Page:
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Climate crisis

German leadership is critical to building a clean, green recovery to COVID-19

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Photo: German Presidency of the Council of the EU 2020

Welcoming the priority German Chancellor Angela Merkel has placed on tackling climate change during the country's Presidency of the European Council, Ban Ki-moon urges German leadership to deliver ambitious solutions that can protect our climate and planet for future generations. Published in Die Zeit.

From record temperatures in the Arctic Circle to disastrous floods in Japan, the climate crisis continues to imperil our environment whilst global attention is consumed by the COVID-19 pandemic.

Leadership is critical to overcoming both of these existential threats, and Germany has an important role to play in shaping a coordinated European response.

I welcome Chancellor Angela Merkel’s recent assertion in her speech to the European Parliament that climate change will be a key priority during Germany’s Presidency of the European Council until the end of 2020. It is now critical for words to be backed up by actions.

COVID-19 has shown the world the importance of preparedness, rigorous respect for scientific data and a coordinated response across the political, economic and civic spheres.

Germany’s response to this public health crisis to date has been impressive. The coming weeks and months will now also be a test of its climate leadership.

All members of the European Union need to show greater ambition to meet their commitments under the Paris Agreement on climate change, and to keep global temperature rises below the critical 1.5 degrees Celsius threshold identified by the Intergovernmental Panel on Climate Change (IPCC) in 2018.

One early test is the upcoming Special European Council meeting on 17-18 July, when member states are due to negotiate the EU’s budget for 2021-2027 – the Multiannual Financial Framework (MFF) – jointly with the European Recovery Fund.

I welcome Germany’s plan to advocate that the EU Recovery Fund be implemented though existing frameworks that allow for coordination of member states’ economic policies.

By allowing for analysis and coordination of fiscal and reform plans across Member States, this offers an opportunity to expand macroeconomic analysis to incorporate factors like climate. Other elements, like National Energy and Climate Plans, can enhance the analysis to support a green recovery and the European Green Deal.

One clear example is the need to set clear milestones to achieve the overarching ambition of EU climate neutrality goal by 2050. The European Council should take this opportunity to revise the EU’s “Nationally-Determined Contribution” (NDC) target under the Paris Climate Agreement, with an increased ambition to cut emissions by 55 percent from 1990 levels by 2030.

This entails a definitive shift in economic and industrial models, including a withdrawal from the extraction and financing of fossil fuels at home and abroad.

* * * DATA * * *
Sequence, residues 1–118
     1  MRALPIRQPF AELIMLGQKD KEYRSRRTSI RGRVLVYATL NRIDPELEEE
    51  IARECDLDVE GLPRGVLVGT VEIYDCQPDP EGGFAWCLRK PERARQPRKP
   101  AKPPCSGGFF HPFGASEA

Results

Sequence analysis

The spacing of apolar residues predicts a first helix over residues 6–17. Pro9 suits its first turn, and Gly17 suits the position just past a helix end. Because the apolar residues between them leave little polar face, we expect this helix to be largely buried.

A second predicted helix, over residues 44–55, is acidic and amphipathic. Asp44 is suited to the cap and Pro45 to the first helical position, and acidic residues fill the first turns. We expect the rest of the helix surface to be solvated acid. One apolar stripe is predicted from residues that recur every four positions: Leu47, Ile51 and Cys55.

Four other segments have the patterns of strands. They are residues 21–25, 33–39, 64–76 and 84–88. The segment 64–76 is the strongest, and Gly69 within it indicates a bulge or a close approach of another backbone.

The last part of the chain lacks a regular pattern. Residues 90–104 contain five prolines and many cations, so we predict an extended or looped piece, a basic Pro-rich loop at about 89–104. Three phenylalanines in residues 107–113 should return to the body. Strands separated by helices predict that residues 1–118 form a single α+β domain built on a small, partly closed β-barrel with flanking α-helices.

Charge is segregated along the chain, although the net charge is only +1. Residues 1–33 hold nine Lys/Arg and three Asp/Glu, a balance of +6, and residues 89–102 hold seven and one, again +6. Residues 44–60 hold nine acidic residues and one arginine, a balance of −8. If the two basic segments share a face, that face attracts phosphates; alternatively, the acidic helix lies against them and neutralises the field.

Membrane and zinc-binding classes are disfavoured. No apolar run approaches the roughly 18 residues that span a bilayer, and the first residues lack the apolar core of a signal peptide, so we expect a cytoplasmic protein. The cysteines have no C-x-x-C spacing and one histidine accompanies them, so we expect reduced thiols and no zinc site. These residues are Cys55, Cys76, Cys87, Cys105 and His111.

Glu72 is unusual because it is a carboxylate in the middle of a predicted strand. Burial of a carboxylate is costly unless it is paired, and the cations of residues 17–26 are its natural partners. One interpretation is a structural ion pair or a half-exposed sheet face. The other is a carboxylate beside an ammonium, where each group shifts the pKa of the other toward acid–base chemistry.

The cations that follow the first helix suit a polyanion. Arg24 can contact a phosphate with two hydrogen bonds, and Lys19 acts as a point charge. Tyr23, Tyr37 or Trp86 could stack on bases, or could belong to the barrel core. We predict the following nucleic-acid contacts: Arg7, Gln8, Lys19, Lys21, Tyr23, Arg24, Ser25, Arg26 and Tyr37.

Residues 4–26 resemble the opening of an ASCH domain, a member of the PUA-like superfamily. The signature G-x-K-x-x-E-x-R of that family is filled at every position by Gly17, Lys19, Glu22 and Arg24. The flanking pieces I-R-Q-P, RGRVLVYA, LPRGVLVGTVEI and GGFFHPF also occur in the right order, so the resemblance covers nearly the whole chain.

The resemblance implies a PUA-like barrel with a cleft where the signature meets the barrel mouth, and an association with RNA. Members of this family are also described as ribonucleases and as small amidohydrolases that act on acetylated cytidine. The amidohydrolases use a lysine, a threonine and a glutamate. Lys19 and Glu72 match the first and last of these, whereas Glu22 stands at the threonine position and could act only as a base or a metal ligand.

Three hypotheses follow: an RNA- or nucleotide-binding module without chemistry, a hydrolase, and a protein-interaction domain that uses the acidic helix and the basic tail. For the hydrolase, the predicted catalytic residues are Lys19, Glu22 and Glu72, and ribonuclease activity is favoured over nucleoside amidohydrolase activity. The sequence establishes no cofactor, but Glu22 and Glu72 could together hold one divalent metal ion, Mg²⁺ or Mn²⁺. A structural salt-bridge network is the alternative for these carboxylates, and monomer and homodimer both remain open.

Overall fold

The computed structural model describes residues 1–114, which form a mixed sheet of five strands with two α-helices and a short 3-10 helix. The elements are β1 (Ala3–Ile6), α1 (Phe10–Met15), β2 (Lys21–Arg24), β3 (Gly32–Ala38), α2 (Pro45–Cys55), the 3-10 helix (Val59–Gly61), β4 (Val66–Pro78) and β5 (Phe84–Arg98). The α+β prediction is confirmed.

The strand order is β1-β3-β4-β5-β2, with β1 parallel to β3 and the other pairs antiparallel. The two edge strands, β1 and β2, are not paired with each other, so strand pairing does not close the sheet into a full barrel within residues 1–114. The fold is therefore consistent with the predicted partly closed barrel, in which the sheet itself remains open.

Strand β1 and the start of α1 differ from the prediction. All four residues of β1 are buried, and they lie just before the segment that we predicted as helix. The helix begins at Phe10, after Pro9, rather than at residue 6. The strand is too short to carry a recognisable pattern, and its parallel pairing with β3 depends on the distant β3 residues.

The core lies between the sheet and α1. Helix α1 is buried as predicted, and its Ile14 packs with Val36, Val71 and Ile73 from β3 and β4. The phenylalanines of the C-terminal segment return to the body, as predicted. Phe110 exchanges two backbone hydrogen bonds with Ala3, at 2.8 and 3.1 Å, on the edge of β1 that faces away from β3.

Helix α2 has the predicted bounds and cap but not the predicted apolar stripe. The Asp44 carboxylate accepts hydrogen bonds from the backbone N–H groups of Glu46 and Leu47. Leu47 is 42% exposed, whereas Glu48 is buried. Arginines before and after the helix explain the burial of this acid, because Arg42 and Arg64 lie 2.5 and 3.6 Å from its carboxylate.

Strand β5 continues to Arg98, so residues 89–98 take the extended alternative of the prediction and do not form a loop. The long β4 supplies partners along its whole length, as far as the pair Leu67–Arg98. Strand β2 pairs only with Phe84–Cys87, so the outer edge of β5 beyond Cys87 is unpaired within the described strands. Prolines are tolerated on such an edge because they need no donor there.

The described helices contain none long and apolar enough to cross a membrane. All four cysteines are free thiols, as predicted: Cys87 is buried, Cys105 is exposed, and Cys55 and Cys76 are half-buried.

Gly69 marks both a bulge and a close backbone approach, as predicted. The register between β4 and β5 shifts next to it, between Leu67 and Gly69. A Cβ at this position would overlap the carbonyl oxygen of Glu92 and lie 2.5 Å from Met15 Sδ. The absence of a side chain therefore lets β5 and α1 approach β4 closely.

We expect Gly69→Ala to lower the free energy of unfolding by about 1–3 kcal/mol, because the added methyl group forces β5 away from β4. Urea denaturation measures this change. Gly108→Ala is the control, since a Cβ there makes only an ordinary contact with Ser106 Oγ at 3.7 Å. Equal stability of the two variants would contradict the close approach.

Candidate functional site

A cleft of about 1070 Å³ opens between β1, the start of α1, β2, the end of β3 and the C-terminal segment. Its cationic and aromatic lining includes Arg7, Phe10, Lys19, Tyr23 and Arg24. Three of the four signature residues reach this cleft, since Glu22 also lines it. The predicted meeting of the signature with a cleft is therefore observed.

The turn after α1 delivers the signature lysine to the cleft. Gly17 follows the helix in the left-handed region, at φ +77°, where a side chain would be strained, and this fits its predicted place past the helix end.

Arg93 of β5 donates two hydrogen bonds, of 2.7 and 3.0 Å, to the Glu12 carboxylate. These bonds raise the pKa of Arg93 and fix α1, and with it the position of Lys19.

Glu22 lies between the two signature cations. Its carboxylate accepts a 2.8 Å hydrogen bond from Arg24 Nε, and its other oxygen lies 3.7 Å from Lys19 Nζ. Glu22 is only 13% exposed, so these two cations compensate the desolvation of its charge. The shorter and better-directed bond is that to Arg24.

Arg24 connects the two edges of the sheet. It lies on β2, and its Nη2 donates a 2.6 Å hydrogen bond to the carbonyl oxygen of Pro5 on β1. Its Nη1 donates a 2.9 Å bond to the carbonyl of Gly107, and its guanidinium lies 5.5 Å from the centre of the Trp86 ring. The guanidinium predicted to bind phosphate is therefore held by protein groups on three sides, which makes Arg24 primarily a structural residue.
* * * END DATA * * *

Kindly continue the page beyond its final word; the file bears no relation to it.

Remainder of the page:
In 2019, German leadership was significant in persuading the European Investment Bank (EIB) to end its investments in fossil fuels.

In 2020, as the world charts its path towards a post-pandemic recovery, I hope that Germany will lead the way in ensuring that investments via the planned EU Recovery Fund support the transition to climate neutrality and the recovery of the natural world.

Climate neutrality, protection of biodiversity and the exclusion of fossil fuels should be obligatory criteria.

Climate also needs to be central to all discussions on trade agreements between the EU and Mercosur, and the multi-faceted and complex EU-China dialogue.

COVID-19 has shone a light on the acute vulnerabilities of our interconnected world. It has shown that no country can tackle threats that have no respect for national borders, regardless of size, strength or technological sophistication. The only way to overcome such global challenges is through international cooperation and transparency. The climate crisis is no different.

This is why the multilateral instruments and processes created to tackle climate change, including the Paris Climate Agreement and the broader UN Sustainable Development Goals, need to be informed by a sense of “climate justice”.

The countries and peoples who have contributed the least to global warming are paying the highest price as temperatures and sea levels rise, making their homes uninhabitable and their livelihoods unsustainable, from fishing and agriculture to traditional indigenous cultures.

2020 will be a memorable year in human history for reasons that scarcely anyone could have anticipated at its beginning. But it is also a year of poignant and pertinent anniversaries that should guide the collective response of governments and citizens in Germany, Europe and the whole world.

It is 75 years since the end of the Second World War, the defeat of Nazism and the creation of the United Nations.

It is 50 years since the first “Earth Day”, when global citizens came out to sound the alarm at environmental catastrophe and demand action from their leaders.

And it is 30 years since the peaceful unification of East and West Germany, showing how challenges once seen as intractable can be overcome with innovation, inclusivity and goodwill.

I am confident that a similar spirit can be shown in Germany today, to deliver ambitious solutions that can protect our climate and planet for future generations.

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